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If as a man I got emails from a woman with: "Thank you, lovely!" and "Good morning, lovely!" what would the connotation of the addressing word 'lovely' be in English ?

Is this word in English common between good friends, even between straight friends of the same sexes or is it the word reserved only to be used for somebody who may be closer than a friend, e.g. a member of a family, a partner?

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In the first case she could mean "thank you that would be lovely" if you'd offered to do something for her. It would be ambiguous so you shouldn't read too much into it.

Otherwise, English is very variable. In many areas of Britain, terms of endearment are used towards complete strangers, which would sound very strange out of context. To further confuse the issue, not only does the use vary with place, but it's changing with time as well.

Then you have to consider other national varieties of English. I have seen "dearest" used in Indian English in cases that seem strange to British people, for example.

So to get to the bottom of this, you'd need to consider not just her language, not just her country, but the region of her country.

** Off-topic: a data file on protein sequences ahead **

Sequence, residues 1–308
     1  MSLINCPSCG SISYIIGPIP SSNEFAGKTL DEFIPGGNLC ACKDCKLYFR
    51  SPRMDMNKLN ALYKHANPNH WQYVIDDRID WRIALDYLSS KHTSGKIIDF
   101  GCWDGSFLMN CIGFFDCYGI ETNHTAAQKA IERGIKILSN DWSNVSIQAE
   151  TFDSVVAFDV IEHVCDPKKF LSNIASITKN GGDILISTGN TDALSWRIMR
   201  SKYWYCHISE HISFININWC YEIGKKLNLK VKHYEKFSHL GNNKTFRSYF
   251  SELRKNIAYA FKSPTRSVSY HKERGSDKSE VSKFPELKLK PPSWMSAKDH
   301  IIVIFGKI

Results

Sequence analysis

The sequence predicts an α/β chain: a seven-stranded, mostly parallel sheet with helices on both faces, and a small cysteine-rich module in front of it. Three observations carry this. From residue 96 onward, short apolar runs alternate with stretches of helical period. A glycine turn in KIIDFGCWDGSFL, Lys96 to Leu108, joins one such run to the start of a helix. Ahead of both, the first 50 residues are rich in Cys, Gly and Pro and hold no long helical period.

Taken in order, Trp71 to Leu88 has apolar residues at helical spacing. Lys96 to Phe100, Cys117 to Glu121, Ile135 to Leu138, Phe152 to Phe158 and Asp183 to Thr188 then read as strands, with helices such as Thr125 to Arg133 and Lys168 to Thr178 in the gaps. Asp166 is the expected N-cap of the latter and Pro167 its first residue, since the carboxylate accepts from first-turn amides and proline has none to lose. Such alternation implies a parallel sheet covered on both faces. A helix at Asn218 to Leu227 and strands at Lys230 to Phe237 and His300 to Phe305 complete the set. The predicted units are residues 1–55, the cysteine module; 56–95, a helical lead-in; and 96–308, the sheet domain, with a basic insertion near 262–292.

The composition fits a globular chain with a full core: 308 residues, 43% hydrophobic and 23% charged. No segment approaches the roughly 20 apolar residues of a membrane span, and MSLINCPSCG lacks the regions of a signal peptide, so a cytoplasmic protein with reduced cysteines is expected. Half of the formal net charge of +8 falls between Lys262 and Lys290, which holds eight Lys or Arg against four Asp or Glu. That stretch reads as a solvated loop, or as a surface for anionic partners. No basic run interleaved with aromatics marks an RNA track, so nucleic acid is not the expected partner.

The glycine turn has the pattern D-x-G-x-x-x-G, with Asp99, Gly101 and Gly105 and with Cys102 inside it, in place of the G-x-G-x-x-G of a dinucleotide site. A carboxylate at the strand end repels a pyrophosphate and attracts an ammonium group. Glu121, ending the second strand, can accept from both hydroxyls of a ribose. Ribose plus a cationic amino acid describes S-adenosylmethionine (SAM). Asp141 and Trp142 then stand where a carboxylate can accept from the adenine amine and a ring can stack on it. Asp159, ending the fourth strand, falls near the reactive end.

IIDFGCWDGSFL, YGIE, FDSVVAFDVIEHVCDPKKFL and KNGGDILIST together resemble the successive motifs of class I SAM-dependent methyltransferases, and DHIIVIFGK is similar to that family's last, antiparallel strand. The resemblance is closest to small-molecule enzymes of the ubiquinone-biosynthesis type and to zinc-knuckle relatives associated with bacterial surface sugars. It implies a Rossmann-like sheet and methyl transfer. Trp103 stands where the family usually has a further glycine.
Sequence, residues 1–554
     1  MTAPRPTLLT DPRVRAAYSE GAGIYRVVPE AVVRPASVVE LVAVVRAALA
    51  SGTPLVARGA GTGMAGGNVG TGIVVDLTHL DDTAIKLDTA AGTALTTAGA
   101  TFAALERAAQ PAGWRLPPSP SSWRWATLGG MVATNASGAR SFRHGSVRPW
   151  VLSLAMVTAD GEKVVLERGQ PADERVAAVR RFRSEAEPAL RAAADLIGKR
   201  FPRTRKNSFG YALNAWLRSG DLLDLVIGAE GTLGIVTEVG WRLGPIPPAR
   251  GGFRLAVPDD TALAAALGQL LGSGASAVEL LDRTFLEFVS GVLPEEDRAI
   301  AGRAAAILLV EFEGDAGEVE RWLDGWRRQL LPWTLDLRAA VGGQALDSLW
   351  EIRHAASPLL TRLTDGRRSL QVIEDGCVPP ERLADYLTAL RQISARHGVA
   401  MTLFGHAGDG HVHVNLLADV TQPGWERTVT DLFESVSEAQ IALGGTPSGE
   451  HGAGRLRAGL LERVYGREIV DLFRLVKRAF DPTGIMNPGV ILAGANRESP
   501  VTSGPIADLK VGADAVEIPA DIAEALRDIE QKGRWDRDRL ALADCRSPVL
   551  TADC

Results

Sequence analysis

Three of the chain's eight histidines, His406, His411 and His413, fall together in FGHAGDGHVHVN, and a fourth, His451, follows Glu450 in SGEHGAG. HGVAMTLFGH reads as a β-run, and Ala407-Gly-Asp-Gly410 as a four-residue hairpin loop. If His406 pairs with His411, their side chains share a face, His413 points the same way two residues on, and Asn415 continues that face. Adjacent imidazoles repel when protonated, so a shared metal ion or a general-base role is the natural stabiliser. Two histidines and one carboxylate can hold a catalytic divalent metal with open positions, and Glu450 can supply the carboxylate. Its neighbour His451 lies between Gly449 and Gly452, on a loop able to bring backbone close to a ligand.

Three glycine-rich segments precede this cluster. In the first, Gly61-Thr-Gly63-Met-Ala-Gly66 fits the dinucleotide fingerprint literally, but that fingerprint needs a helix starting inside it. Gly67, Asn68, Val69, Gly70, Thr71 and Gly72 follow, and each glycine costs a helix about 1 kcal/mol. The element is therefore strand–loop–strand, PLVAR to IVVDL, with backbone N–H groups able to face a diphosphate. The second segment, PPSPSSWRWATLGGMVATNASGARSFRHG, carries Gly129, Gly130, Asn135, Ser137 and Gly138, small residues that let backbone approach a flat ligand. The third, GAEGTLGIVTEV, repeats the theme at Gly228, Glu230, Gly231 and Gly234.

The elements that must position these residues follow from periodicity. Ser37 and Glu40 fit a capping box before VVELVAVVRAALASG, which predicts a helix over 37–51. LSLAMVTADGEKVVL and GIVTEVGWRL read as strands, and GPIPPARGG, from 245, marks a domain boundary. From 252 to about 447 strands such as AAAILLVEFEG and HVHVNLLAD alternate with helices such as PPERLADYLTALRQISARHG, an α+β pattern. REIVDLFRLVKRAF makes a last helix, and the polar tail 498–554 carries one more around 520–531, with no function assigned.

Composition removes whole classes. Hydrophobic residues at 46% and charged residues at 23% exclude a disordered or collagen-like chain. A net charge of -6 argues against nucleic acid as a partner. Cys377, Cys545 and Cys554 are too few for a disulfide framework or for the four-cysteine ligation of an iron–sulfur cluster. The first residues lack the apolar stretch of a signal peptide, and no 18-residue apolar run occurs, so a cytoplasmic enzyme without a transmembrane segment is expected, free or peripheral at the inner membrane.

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    This is all true, but I'd venture that, no matter what the region, most would find lovely to be a rather odd pet name, particularly among platonic friends. I suppose it could be used playfully, but it would strike me as peculiar nonetheless. – J.R. Dec 12 '15 at 10:38
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    @J.R. In parts of SW England, "my lover" is used between strangers so I wouldn't rule it out. From a little reading "my lovely" may be used this way in Devon (discussion of whether this is appropriate in care homes). A blog post from a company teaching English gives some examples (not including the OP's). The 3rd para discusses in general when such terms may be used – Chris H Dec 12 '15 at 11:36
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    Excellent links, and excellent reading. I especially appreciate that bit about Devon. Of course I'd heard "love" used in this way, but "lovely" struck me as odd. Good to see your bit about regionalisms is spot on, but I'll still resist the urge to call you "my lovely" in this comment :-) – J.R. Dec 12 '15 at 11:45
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    @J.R. Its not that uncommon an expression mobile.twitter.com/search?q=%22Thanks%20lovely%22&s=typd – Martin Smith Dec 12 '15 at 12:27
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    @J.R.: What Martin said. It's not (yet?) uncommon in the UK. Per OED definition B2 colloq. (orig. and chiefly Brit.). As a familiar or affectionate form of address: dear, sweetheart, love. Chiefly in my lovely. It's not really geographically dialectal - you hear it from, for example, barmaids all around the country. – FumbleFingers Dec 12 '15 at 13:56

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